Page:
Labour and Co-operative Member of
Parliament for Kemptown and Peacehaven

The World Youth Conference – Review and reflection, were do we take it now?

by Lloyd on 13.09.10
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by Lloyd Russell-Moyle, Chair, Woodcraft Folk part of International Falcon Movement – Socialist Education International

Introduction
The World Youth Conference was meant to be a follow on from 12 years ago and the last conference on youth held in Lisbon, moving the agenda forward and building on the progress that has been made in the last 12 years particularly the World Programme for Action on Youth (WPAY) and the MDGs.

While the conference fell short of many people’s expectations and logistically was a nightmare it will form one of the building blocks to the UN Conference on Youth.

Many people will have seen David Woollcombe’s (of Peace Child International) critical reflection of the WYC, Leon. While David and I have our differences on some points his broad reflection on the WYC process is good and I will not repeat it. I also have a blog and video updates at www.russell-moyle.co.uk which also gives some reflections.

I want in this to focus on three areas the (a) Participation of youth delegates, (b) the outcomes in the declaration and (c) where we go from now, how we start to build.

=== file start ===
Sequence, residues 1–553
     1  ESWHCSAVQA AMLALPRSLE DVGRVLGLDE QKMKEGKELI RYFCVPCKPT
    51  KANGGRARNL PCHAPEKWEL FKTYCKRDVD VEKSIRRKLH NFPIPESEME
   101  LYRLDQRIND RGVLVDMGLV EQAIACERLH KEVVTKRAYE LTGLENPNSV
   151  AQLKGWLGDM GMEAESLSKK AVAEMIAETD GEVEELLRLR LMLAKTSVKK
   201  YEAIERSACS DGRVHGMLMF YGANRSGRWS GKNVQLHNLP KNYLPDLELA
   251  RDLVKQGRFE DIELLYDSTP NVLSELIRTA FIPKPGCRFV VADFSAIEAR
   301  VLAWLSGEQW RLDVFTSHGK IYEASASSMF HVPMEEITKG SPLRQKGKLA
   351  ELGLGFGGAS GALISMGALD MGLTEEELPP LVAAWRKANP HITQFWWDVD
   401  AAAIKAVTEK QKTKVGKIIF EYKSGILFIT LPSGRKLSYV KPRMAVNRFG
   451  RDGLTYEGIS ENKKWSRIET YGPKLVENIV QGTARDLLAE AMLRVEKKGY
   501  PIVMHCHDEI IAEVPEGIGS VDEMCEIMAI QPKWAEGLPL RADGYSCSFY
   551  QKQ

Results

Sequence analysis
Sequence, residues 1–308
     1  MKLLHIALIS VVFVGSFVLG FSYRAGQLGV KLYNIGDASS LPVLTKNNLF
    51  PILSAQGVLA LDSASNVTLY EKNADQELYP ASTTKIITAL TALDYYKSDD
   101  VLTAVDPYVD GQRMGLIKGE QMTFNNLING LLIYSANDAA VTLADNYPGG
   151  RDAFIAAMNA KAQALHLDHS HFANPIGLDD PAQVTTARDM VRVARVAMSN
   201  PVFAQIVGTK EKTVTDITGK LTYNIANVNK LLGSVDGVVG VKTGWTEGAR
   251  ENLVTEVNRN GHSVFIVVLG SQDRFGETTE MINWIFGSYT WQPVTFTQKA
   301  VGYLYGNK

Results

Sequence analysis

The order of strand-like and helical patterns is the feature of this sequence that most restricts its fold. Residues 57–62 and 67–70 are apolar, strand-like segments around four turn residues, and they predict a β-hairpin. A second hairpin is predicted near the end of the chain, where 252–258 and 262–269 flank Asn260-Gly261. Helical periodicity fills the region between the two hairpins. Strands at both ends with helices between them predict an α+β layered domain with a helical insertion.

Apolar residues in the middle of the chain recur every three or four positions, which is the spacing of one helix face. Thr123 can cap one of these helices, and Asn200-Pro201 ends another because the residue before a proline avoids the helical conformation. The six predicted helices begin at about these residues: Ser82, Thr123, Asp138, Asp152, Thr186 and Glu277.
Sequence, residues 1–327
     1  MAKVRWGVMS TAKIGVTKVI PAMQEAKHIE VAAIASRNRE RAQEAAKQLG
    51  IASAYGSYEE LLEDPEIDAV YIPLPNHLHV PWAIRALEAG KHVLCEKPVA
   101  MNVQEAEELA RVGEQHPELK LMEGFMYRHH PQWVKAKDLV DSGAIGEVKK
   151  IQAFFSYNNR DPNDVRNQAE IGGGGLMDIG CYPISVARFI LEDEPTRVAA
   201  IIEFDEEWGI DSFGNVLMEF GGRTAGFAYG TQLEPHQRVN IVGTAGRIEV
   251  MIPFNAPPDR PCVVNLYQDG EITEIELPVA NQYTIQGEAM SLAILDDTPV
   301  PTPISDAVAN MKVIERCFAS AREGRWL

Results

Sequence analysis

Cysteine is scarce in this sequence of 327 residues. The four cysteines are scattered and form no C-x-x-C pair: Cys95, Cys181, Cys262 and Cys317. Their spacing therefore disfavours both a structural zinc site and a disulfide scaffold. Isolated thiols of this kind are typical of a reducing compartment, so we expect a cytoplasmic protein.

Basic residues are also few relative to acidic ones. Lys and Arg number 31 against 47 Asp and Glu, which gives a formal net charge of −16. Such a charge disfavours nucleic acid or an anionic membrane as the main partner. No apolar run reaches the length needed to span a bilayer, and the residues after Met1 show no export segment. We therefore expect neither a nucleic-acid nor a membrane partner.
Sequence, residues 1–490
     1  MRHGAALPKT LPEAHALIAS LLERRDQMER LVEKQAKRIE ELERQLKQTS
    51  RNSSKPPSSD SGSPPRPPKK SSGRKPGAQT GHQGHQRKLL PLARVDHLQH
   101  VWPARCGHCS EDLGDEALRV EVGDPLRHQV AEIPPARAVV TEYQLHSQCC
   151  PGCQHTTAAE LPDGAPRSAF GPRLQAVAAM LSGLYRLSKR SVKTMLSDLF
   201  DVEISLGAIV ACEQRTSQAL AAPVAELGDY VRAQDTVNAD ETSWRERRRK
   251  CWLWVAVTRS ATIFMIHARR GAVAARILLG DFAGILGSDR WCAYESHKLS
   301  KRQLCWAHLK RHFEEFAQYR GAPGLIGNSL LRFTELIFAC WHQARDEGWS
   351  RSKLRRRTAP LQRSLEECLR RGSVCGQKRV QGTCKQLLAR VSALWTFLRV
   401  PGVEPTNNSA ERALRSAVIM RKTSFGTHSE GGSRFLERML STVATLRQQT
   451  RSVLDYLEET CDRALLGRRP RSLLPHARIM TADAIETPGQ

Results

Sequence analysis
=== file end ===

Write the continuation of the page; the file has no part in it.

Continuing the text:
My first points would be to also thank the NGO organisation team from ICMYO (see below) who took on at the request of the Mexican government the programme coordination of the NGOs for the first three days and then were discarded. The concept of working with ICMYO, which is the International Coordination Meeting for Youth Organisations is and should be the way forward for involving young people. The ICMYO represents internationals from the young communists in WFDY to the young Catholics in Pax Romana, in its attendees are all the regional youth forms and cross regional youth forums (such as the European Youth Forum and the Common Wealth Youth Forum). This body, lead by young people meets annually with the UN Agencies and is the right body to do the work at a UN conference on Youth, it was unfortunate that the pressure put on it by the Mexican government restrained most if its work.

(a) Participation of you delegates
The Resolution RES/36/17 and WPAY calls for member states to “include Youth Representatives in their national delegations to the General Assembly and other relevant United Nations” . There are very few states that take this on and as a non-UN but conference about youth, one would have expected to have youth representational from the national governments.